Tuesday, February 19, 2013

Western Environmental Activists: "You Africans Had Better Not Cut Down Those Trees To Build That Palm Oil Plantation. Let Us Give You Foreign Aid To Sustain You Instead"


From The Article

YAOUNDE, 14 December 2012 (IRIN) - Campaigners opposed to a large palm oil plantation in a rainforest covering part of the Korup National Park in southwestern Cameroon say up to 45,000 people risk losing their livelihoods if the project proceeds. 
"The plantation will economically displace approximately 25,000 people and put at risk many others who depend on that land for small-scale food production, hunting, and non-timber forest products. Thus, the net impact on employment will actually be negative. This is not a fair deal," Nasako Besingi, one of the campaigners against the plantation, told IRIN. 
The project in Mundemba Region is overseen by SG Sustainable Oils Cameroon (SGSOC), a subsidiary of Herakles Farms, a US-based agricultural company
In 2009 SGSOC signed an agreement with the Cameroonian government to develop an industrial palm oil plantation and refinery. A year later forest clearing began on part of the 73,086-hectare site acquired on a 99-year land-lease deal.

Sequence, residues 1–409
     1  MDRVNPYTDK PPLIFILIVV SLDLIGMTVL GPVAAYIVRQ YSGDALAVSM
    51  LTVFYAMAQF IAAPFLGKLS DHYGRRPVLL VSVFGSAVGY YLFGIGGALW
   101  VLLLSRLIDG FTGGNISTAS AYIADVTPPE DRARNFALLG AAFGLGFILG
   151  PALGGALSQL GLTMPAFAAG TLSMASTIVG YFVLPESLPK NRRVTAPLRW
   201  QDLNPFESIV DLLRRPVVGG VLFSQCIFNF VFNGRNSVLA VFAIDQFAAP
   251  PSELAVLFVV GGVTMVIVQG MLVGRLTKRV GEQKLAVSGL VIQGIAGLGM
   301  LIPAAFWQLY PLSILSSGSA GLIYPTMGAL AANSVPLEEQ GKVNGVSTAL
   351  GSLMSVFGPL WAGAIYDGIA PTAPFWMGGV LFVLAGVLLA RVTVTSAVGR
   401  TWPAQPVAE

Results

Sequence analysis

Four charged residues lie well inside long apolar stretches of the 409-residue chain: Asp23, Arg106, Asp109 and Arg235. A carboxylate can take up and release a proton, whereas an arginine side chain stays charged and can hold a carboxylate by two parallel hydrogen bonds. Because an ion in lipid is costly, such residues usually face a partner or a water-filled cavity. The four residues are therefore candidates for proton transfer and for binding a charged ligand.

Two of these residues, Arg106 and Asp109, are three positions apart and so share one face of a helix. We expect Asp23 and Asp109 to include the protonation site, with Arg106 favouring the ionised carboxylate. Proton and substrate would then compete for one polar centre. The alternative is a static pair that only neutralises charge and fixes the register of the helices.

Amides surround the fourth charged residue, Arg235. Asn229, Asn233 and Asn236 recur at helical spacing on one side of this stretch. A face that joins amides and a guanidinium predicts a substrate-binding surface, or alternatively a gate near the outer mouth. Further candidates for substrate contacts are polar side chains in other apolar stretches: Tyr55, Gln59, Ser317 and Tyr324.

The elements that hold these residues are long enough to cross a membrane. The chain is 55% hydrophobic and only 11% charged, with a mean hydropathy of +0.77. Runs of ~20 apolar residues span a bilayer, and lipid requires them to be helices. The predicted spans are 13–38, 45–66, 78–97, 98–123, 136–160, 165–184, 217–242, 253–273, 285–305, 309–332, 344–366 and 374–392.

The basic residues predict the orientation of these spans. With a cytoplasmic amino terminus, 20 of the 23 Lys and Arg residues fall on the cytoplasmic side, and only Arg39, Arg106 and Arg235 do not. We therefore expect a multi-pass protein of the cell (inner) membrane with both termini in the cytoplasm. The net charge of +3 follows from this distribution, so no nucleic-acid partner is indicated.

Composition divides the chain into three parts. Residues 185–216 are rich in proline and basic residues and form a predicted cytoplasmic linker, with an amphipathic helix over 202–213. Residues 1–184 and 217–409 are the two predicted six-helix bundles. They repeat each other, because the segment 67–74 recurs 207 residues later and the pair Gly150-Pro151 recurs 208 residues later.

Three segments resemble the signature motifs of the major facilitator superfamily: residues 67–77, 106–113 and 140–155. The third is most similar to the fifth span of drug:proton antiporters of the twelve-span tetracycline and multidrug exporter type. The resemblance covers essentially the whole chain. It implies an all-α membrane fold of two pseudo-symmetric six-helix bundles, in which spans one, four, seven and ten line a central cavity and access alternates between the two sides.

Campaigners argue that a large industrial plantation could destabilize the area's rich ecosystem and that the environmental and socioeconomic gains from preserving the rainforest outweigh the promised benefits from the plantation. 
Local smallholders grow millet, cocoa, cassava, oil palm, beans, rice and fruit, which they supplement with fishing and hunting. They also collect wild foods, medicinal plants and wood for fuel in the area, which is inhabited by between 14,000 (according to SGSOC) and 45,000 people (according to campaigners). 
"If you look at the working conditions in other agro-industrial plantations, they are truly deplorable. Most employees make US$34-70 per month, which is not a living wage in today's economy," Besingi added. 

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